Dark matter is every bit as mysterious and cool as it sounds; from what we know so far, our Universe’s energy comprises of 73% dark energy, 23% dark matter, and “regular” matter, like stars, planets, and everything else only accounts for the 4% left. When you think about matter, dark matter takes the big chunk, at 84%.
Some physics theories suggest that dark matter is made of WIMPS (weakly interacting massive particles), a class of particles that are their own antimatter partner particles. When matter and antimatter partners meet, they annihilate each other with a blast, so if two WIMPS would collide, they would be destroyed, releasing a pair of daughter particles — an electron and its antimatter counterpart, the positron (same mass, opposite charge).
A significant discovery
In May 2011, a $2 billion machine called the Alpha Magnetic Spectrometer-2 was mounted on the side of the International Space Station. The device may have just detected dark matter, for the first time; until now, everything we know about it comes from indirect observations and effects. According to MIT’s Samuel Ting, a physicist and the Alpha Magnetic Spectrometer’s principle investigator, the first results will be published in two weeks, and “it won’t be a minor discovery”; the paper has so far passed 30 revisions and is finally set for publishing.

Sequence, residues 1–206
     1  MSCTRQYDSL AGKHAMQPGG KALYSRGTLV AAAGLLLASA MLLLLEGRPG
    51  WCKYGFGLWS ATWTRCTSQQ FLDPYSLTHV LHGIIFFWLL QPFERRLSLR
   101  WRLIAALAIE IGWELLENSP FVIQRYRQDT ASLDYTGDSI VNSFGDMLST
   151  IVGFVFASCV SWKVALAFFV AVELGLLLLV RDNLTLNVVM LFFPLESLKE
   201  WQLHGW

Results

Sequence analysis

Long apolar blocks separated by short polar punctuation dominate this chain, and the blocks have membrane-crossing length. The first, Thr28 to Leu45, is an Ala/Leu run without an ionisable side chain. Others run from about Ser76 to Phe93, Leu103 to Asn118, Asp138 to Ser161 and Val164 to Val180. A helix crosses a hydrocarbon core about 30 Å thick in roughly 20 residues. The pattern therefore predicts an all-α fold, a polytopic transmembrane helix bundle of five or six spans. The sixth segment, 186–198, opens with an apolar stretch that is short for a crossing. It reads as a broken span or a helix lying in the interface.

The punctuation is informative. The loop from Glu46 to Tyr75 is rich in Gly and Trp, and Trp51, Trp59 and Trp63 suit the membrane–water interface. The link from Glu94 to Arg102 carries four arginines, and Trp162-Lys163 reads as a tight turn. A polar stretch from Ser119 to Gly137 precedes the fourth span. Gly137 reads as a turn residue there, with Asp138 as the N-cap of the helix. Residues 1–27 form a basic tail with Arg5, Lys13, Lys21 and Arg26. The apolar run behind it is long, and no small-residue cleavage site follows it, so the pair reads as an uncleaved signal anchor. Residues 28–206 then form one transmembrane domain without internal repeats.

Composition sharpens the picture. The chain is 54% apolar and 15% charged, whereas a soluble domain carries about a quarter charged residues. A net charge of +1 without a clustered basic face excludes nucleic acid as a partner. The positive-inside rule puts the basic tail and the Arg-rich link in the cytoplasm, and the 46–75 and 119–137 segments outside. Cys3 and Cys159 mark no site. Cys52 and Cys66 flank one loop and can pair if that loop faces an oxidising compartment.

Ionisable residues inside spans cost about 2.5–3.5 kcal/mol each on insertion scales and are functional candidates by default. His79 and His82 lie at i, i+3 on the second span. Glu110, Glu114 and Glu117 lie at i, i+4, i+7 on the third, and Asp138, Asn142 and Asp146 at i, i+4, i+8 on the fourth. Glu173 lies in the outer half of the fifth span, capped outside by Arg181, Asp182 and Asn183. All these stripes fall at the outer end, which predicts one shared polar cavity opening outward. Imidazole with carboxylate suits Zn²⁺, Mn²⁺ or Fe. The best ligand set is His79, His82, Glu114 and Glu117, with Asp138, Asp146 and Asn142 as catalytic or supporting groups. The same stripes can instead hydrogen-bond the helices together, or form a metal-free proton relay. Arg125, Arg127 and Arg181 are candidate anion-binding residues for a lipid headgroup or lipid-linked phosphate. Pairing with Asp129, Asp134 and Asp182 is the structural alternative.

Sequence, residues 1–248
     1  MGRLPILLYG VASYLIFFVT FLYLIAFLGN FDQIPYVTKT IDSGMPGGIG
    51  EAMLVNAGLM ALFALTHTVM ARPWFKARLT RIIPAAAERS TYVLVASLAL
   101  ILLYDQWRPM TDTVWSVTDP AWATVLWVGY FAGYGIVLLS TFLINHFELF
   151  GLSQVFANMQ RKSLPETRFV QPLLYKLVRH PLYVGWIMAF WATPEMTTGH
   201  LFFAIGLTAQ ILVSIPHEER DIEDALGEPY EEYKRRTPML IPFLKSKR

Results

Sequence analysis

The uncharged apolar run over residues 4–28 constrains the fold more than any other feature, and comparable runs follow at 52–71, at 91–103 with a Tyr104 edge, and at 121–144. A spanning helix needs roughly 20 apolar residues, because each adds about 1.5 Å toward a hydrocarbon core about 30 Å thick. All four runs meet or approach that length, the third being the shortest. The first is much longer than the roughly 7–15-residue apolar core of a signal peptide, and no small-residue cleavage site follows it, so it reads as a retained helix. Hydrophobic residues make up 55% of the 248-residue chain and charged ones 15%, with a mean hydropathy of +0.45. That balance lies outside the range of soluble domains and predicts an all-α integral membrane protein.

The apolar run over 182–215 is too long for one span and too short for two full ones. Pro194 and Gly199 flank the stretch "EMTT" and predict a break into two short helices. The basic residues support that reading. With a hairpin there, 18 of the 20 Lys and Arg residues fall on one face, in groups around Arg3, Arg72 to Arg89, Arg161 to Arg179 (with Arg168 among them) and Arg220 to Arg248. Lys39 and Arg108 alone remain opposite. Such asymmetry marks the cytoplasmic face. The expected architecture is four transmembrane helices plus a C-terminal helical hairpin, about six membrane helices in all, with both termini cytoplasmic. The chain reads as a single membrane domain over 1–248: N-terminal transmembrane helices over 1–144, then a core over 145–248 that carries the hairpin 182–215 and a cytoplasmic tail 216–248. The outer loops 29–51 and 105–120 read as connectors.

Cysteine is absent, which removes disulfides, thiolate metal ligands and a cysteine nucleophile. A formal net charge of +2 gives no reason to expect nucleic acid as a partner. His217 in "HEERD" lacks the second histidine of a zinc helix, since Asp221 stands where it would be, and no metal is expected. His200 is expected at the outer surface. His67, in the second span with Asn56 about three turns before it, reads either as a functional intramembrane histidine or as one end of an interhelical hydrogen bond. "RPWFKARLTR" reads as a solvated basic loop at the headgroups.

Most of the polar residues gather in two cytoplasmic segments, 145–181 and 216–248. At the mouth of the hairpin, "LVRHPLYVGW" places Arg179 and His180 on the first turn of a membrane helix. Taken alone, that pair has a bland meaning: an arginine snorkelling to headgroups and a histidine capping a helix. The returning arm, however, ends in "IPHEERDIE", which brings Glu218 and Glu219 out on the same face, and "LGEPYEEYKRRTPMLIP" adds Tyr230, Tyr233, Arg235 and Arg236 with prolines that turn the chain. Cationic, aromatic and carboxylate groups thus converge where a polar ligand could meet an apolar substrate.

So far, AMS has detected 25 billion particle events, including about 8 billion electrons and positrons. This first science paper will report how many of each were found, and what their energies are, Ting said. The thing is, if there is an abundance of detected positrons peaking at a certain energy, that could indicate a detection of dark matter, because while electrons are abundant in the universe around us, we know of much fewer processes that lead to the creation of positrons. Another interesting question is if these positrons signatures come from preferential directions or from all around.
“The smoking gun signature is a rise and then a dramatic fall” in the number of positrons with respect to energy, because the positrons produced by dark matter annihilation would have a very specific energy, depending on the mass of the WIMPs making up dark matter, said Michael Turner, a cosmologist at the University of Chicago who is not involved in the AMS project. “That’s the key signature that would arise.”
But regardless of whether AMS has found dark matter yet, scientists said they expected the question of dark matter’s origin to become clearer soon.
“We believe we’re on the threshold of discovery,” Turner said. “We believe this will be the decade of the wimp.”